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MuddyWater is an Iranian threat group. Researchers at Cisco Talos believe the MuddyWater hackers were “a group of multiple teams working independently rather than a single group of threat actors,” primarily targeting Middle Eastern countries but also European and North American countries, followed by Turkey and other Asian countries. It states that they are aggressors, carrying out campaigns against various sectors, including national and local governments and ministries, universities and private organizations such as telecommunications providers.

In November 2021, Cisco Talos observed a campaign targeting Turkish government institutions, including Tübitak.


MuddyWater has three purposes when performing its attacks:

Cyber Espionage: Occurs when a threat actor attacks an organization for political reasons. In MuddyWater's case, they support the nation-state's political dominance in the Middle East and are motivated in part by nation-state interests.

Intellectual Property Theft: It is done when threat actors aim to capture inventions, patents, and trade secrets of companies or specific individuals. MuddyWater achieves this by running aggressive campaigns against government-affiliated institutions such as research companies and universities.

Ransomware Attacks: Typically, ransomware attacks occur when a threat actor seeks a ransom in exchange for stolen data. In the MuddyWater example, they tried to insert ransomware like Thanos into networks to do two things:

  1. Destroying evidence of their presence on the network or system
  2. Disrupting the operations of private entities.

MuddyWater hosts malicious documents downloaded by malicious PDFs. PDFs are distributed via email and are designed to trick targets into downloading and opening them. Research shows that MuddyWater uses malicious PDFs as entry points for its attacks.

It tries to get the victim to open the sent PDF file. He uses some convincing tactics to get the victim to open the PDF file.


Additionally, a number of malicious Excel spreadsheet files were found distributed with Turkish names, some of which appeared to be legitimate documents obtained from the Turkish Ministries of Health and Internal Affairs.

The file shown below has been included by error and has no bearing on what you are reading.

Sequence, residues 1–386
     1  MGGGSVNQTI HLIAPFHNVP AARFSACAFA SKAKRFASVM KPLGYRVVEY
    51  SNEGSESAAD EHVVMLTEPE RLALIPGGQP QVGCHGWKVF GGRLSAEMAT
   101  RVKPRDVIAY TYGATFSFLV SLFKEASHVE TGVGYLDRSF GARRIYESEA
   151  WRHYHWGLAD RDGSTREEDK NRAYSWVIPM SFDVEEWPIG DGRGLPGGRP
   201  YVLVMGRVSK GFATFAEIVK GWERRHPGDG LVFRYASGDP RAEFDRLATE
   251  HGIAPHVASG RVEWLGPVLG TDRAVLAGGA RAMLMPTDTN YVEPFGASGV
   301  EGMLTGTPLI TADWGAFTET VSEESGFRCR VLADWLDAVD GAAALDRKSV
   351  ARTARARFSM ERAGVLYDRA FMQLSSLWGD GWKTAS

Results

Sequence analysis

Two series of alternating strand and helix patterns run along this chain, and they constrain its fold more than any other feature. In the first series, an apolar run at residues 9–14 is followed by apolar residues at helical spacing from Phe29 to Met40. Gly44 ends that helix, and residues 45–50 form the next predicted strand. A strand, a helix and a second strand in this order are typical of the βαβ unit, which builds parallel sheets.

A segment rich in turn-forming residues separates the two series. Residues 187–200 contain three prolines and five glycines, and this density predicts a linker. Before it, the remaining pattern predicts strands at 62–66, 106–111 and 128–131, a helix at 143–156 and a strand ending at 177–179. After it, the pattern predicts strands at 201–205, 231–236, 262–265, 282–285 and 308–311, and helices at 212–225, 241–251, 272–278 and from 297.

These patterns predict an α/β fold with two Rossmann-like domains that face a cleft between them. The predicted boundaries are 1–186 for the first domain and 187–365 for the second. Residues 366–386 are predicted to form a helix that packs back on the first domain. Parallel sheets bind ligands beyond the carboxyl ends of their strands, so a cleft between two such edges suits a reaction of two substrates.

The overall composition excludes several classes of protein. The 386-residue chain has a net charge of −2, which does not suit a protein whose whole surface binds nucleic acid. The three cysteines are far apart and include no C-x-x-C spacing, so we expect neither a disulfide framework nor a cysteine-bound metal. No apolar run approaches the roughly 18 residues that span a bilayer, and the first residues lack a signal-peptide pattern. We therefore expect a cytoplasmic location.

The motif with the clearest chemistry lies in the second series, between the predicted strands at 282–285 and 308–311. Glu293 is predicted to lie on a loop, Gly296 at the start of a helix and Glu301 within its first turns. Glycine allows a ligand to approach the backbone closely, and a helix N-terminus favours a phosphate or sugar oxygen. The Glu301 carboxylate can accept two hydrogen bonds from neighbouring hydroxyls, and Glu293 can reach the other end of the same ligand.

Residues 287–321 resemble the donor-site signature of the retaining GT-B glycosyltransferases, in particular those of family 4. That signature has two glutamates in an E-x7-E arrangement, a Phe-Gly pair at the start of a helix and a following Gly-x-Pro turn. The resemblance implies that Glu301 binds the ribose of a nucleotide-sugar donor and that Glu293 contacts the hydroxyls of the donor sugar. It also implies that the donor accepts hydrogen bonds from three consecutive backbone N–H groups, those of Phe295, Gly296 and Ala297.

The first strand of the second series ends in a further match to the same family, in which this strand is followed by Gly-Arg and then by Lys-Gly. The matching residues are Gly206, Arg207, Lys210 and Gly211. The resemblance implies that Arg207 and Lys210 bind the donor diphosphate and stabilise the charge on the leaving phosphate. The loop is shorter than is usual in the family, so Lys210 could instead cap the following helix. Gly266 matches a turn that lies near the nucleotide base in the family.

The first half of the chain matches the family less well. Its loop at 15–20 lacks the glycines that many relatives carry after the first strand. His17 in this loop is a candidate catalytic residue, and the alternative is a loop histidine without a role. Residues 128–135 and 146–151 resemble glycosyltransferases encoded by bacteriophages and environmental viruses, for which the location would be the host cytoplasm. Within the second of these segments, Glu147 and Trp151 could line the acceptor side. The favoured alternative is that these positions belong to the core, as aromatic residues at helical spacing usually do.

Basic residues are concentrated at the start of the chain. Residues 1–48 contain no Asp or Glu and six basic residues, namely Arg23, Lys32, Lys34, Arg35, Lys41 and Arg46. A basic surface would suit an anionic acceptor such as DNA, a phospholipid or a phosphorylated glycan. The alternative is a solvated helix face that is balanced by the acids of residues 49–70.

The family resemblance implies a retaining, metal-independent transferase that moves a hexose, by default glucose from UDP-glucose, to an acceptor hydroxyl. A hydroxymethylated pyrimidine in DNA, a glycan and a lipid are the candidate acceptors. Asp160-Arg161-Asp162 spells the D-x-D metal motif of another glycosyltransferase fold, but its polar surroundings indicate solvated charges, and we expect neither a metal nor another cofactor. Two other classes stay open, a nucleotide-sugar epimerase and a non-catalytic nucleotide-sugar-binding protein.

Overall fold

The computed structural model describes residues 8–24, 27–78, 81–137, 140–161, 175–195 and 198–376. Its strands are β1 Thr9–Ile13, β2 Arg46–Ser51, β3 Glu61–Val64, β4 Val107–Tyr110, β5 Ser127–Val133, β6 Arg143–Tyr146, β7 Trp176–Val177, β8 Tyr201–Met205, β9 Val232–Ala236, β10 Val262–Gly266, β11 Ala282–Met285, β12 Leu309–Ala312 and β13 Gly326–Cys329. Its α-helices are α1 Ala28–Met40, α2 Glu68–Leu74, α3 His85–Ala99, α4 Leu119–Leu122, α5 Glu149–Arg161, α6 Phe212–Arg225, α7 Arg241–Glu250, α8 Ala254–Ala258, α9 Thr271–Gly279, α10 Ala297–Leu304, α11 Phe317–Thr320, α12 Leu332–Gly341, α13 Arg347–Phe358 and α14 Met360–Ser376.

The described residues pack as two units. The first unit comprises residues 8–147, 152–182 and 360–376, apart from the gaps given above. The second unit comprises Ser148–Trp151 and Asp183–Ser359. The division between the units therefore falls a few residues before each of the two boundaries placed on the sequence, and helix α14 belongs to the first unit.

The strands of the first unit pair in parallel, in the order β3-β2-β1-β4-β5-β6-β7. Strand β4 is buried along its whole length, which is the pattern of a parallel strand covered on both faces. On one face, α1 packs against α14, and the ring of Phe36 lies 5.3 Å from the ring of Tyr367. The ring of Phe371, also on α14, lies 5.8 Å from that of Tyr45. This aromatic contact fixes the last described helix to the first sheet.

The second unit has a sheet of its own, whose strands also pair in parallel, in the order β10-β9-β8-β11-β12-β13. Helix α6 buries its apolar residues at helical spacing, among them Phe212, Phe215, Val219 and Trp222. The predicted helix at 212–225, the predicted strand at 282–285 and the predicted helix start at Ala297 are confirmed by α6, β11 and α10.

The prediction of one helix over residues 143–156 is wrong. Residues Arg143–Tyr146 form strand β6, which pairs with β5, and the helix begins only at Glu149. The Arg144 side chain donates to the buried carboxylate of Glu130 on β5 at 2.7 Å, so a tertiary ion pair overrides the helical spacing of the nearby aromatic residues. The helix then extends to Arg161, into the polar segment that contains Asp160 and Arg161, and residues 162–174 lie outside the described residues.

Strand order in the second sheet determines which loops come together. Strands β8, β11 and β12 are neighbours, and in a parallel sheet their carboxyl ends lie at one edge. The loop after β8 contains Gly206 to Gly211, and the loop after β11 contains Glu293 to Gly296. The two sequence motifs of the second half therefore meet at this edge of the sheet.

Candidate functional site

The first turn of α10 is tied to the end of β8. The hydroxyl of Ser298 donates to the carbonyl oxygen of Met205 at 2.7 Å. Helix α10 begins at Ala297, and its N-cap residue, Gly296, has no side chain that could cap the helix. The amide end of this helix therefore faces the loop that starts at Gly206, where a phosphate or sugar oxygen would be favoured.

What is intended to be done here with the value written to the registry is to ensure that it is executed at every system startup, that is, to ensure permanence in the system.


The initial distribution mechanism of infection chains consists of malicious PDF files. URLs corresponding to the download button in PDF files often contain malicious XLS files containing macros that distribute subsequent VBS and PS1 scripts.

However, recently there has been a change in this chain of infection. This second variation consists of PDF pointing to a URL that serves an EXE in the infection chain instead of malicious XLS files.

Some of the precautions that can be taken against MuddyWater threats:

  • Using Multi-Factor Authentication.
  • Enabling anti-malware and anti-virus software.
  • Regularly installing updates and patches for the operating system and software as they are released.
  • Training users to recognize and report social engineering and phishing attempts.
  • Avoid clicking on hyperlinks or attachments in emails or messages from unknown or untrusted sources.


TTP IPTechnical
T1059Command and Scripting Interpreter: Powershell
T1027Obfuscated Files or Information
T1574.002Hijack Execution Flow: DLL Side-Loading
T1132Data Encoding
T1572Protocol Tunneling


TTP IPTechnical
T1566.001Spearphisting Attachment
T1204User Execution
T2059.001Command and Scripting Interpreter: Powershell
T1547.001Registry Run Keys/Startup Folder
T1027Obfuscated Files or Information
T1053.005Scheduled Task/Job: Scheduled Task
T1059.003Command and Scripting Interpreter: Windows Command Shell
T1047Windows Management Instrumentation
T1071Application Layer Protocol
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